For years recruiters have complained that it is too difficult to measure soft skills and they were right – it has been difficult. Not any more though. Technology has made it much easier, enabling organisations to gain very accurate, detailed and meaningful data on candidates’ soft skills.
An analytical approach to soft skills
That data can analyse candidate responses and give recruiters a really good picture of their personality traits, from how they interact with others to how good they are at problem solving, at conflict resolution, at organising themselves…you name it, it can be measured. Data analytics has transformed all aspects of business life and is critically important in measuring soft skills.
In our next post in this series we will discuss people analytics in greater detail and how organisations can now measure soft skills. At softfactors we have tests that measure competencies in key areas. These tests demonstrate clearly and concisely what soft skills are needed for particular roles, what soft skills candidates possess and how those two match up. Or not.
Barriers to measuring soft skills
For now, in this post, we are looking at what those assessment barriers were and what challenges needed to be overcome in order to provide results that could be relied upon to make good decisions.
Firstly, the real bugbear for many recruiters was that the results were only as good as candidate’s answers. Good answers rely on a high level of self-awareness and self-awareness is not something that everyone either possesses or values.
Let’s give an example of how self-awareness is important when measuring soft skills. Say a candidate is asked to give themselves a rating against this statement: ‘I can work with someone who has different opinions than mine’, based on a score of 1-5. Someone who lacks self-awareness may give themselves a high score, when in fact the reality should be a low score.
They might think they are an excellent team player who communicates well, is approachable and listens effectively, but do their colleagues? Will their future colleagues?
Stretching the truth
However lack of self-awareness is only one half of the problem. For some honesty is a dispensable commodity in the recruitment process and people will massage the truth in order to give what they think is the desired answer. After all, when someone is applying for a job that they really want, they strive to present themselves in the best possible light. In this situation, who in their right mind would admit that their management style is autocratic or that they are a nitpicker who finds it hard to delegate?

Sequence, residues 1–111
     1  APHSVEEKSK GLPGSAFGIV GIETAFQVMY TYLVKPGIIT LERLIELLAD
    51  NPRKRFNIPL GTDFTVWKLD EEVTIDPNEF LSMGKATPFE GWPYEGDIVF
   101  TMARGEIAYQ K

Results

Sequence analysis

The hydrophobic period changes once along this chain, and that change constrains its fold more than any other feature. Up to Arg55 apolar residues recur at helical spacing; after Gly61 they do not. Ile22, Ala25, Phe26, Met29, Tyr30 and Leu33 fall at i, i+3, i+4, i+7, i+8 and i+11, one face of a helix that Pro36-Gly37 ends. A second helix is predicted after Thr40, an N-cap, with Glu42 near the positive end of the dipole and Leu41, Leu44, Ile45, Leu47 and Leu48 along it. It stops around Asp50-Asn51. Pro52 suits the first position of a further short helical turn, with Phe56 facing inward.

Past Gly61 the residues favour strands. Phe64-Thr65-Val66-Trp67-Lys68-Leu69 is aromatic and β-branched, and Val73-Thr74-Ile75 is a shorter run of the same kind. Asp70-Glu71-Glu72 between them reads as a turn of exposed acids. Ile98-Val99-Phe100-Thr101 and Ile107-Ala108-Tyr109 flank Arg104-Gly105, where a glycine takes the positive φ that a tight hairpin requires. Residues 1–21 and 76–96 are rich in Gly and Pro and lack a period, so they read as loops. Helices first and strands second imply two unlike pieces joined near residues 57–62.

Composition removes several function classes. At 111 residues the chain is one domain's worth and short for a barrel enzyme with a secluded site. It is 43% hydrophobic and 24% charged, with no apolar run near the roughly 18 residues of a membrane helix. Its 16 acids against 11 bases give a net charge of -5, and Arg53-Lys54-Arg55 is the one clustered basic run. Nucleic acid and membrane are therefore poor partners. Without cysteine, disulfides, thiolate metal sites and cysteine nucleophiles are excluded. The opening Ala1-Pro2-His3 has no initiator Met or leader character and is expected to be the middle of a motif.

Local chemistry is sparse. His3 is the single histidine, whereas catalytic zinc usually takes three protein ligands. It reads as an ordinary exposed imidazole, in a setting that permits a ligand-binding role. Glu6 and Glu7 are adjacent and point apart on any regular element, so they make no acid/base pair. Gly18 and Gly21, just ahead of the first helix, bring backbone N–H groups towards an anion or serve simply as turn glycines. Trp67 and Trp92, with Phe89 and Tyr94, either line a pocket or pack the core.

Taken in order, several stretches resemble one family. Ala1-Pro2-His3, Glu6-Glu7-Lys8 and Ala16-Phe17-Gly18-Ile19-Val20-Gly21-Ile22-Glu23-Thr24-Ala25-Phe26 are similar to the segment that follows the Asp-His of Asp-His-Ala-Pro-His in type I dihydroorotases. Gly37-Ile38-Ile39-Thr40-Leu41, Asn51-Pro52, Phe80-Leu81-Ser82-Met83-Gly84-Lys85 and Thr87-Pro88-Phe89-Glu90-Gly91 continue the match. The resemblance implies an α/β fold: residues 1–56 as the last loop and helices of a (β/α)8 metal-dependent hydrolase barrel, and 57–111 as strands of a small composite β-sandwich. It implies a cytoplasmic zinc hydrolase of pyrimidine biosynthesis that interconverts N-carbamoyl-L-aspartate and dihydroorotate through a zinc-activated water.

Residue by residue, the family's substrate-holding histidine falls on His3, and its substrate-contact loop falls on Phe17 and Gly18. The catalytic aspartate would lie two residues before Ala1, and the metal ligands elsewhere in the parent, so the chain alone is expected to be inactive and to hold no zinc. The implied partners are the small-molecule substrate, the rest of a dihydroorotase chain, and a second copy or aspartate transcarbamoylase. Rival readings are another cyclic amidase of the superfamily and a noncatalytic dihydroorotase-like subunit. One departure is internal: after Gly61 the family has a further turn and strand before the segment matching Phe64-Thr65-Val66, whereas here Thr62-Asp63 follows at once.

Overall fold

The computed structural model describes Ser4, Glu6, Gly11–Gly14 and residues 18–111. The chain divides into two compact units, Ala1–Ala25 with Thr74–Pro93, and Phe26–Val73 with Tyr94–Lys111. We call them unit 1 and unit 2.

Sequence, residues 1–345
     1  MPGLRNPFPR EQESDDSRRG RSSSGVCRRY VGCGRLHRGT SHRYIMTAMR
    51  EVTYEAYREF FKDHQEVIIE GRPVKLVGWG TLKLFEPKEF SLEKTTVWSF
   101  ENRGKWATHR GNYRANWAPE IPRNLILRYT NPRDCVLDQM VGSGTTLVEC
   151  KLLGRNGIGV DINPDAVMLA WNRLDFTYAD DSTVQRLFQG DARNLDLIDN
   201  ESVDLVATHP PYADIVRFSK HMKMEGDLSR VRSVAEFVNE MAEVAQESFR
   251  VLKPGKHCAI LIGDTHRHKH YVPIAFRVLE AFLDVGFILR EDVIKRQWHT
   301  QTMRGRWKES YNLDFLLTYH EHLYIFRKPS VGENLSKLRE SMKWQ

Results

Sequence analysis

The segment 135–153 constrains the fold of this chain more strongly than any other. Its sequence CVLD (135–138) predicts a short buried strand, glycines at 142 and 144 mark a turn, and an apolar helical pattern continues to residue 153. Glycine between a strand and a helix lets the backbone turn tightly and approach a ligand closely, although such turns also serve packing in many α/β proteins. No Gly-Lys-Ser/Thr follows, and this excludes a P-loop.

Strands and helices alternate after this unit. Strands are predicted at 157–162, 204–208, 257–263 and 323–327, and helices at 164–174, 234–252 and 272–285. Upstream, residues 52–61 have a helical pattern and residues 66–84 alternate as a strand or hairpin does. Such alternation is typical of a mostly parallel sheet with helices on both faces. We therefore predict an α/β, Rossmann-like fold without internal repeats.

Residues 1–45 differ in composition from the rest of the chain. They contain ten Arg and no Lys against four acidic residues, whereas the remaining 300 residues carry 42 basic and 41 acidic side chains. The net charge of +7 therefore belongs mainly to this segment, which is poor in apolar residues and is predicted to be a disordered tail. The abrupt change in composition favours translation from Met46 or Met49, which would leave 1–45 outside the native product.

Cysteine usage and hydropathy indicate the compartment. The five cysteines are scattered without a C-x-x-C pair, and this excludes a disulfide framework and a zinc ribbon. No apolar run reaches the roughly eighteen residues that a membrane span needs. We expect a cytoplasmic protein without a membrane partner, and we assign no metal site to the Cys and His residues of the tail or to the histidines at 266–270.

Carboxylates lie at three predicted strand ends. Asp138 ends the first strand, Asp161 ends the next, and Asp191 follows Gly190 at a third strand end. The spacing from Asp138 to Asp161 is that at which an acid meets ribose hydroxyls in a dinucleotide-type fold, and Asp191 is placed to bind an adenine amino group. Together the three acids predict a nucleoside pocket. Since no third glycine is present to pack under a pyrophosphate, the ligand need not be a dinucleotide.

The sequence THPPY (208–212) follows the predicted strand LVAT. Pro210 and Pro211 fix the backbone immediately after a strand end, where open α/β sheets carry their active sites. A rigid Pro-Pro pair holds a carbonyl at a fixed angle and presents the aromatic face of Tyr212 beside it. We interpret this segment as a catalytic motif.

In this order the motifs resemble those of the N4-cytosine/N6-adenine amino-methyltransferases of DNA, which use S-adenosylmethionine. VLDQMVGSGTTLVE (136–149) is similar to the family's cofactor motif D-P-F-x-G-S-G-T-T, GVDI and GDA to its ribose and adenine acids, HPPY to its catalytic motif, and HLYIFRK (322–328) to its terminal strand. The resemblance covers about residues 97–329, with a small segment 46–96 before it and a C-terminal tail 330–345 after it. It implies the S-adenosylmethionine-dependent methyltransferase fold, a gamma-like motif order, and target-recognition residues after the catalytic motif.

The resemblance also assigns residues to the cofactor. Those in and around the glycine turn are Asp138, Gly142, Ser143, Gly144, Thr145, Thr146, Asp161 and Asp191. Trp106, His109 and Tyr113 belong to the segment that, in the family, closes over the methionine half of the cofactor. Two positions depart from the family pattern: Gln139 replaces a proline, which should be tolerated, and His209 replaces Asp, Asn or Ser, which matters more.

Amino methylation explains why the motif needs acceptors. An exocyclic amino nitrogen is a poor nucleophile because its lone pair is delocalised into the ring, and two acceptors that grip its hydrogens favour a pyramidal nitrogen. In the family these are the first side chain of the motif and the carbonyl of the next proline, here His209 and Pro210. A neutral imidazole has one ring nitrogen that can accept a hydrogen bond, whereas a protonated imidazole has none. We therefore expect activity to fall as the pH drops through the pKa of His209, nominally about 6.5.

The credibility problem
This lack of accuracy and reliable data has deterred many people from measuring soft skills. Sometimes people see themselves in a particular way, or sometimes they wish they had different characteristics or they think that answering a question in a certain way will give them a better result so they tweak the information. It was all about self description, rather than the actual tests that we have now.
It’s this perceived lack of accuracy and credibility that led to personality tests falling out of favour in the 1960s. Psychologists said they could not be relied upon to give good results. Personality tests started creeping back in the 1990s and even more so in the early 2000s, when online testing came on the scene.
Modern day personality testing actually dates back to the early 1900s. The first modern test was one used by the US military in 1919 to weed out recruits who they thought might be susceptible to shell shock.
Personality testing goes back even further than then though. It has its origins in the 18th and 19thcenturies, when the thinking was that personality could be assessed by phrenology (the measurement of the human skull) and a person’s appearance. Neither measurements would be appropriate today of course!
Recruiters 10-20 years ago weren’t necessarily measuring the right things either.
They were overly focused on what hard skills candidates displayed, with soft skills analysis being an afterthought.
Job specifications were drawn up that focused on the technical skills required, with little attention paid to which soft skills were necessary. Likewise, the hiring criteria emphasised technical skills. And if you don’t know which skills you are really looking for or why, it makes it very difficult to measure them effectively.
Not so any more. Everyone is paying a lot more attention to candidates’ soft skills now. Data analytics has a huge role to play here and organisations that ignore it, do so at their peril.